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Al-Shabaab oo sheegtay in ay 87 askar iyo saraakiil ah ku dishay qaraxyadii Maxaas [Bayaan]. Somalia’s govt imposes curfew in Mogadishu, cancels flights ahead of Djibouti president’s visit

What’s new? Al-Shabaab’s lethal insurgency continues with no end in sight. The group consistently stays a step ahead of local and regional military operations. Combined with dysfunction and division among their adversaries, the militants’ agility has allowed them to embed themselves in Somali society. It also makes them hard to defeat.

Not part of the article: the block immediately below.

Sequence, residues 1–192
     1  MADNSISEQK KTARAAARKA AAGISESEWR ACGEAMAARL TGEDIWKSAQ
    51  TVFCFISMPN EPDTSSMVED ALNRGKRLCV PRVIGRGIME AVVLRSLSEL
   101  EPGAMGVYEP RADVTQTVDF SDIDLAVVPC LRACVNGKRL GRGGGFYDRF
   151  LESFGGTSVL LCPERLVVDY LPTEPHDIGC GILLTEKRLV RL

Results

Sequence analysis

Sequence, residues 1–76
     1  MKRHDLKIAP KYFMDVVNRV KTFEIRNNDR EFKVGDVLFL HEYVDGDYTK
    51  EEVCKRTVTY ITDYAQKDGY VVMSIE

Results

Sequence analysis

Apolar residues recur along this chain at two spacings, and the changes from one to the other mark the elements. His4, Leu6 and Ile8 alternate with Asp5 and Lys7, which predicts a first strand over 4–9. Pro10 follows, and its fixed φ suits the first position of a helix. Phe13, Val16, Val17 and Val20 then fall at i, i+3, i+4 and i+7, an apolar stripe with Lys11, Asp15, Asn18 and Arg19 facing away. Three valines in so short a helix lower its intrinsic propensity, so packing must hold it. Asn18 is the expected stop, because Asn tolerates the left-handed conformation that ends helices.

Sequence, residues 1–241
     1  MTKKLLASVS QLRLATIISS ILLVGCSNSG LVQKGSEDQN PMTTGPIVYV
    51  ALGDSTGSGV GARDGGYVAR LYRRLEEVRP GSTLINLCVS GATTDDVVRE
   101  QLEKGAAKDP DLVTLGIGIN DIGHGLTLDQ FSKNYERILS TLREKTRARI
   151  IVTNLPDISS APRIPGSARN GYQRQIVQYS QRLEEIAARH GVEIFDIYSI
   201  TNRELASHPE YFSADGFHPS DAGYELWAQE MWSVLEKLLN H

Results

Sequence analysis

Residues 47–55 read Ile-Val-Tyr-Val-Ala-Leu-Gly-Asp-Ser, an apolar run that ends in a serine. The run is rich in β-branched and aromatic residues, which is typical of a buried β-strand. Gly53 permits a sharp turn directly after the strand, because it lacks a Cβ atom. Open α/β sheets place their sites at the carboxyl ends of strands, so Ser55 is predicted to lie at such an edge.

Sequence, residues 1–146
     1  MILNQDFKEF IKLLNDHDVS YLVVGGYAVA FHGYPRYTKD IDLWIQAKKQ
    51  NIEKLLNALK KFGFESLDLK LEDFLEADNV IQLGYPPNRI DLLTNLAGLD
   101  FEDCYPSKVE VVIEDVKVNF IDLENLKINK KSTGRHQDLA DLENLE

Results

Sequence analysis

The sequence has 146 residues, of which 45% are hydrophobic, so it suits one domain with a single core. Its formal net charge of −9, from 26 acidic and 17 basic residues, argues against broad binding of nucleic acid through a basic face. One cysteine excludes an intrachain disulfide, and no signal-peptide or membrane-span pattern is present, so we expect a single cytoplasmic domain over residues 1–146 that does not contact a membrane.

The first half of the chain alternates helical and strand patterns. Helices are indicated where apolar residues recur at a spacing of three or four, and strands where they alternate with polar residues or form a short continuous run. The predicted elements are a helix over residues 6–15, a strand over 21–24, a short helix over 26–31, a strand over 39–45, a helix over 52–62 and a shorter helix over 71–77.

Why does it matter? The protracted war has cost countless lives and derailed Somalia’s state-building project. There is growing domestic and international consensus that Al-Shabaab cannot be beaten by military means alone. Yet there is little appetite among Somali elites or the country’s international partners for exploring alternatives, notably talks with militant leaders.

What should be done? Putting off efforts to engage militants in the hope of gaining the upper hand militarily or forging greater unity among elites will prolong the conflict indefinitely. The government should seek discreet channels to Al-Shabaab leaders to test whether political negotiations and confidence-building steps might be feasible.

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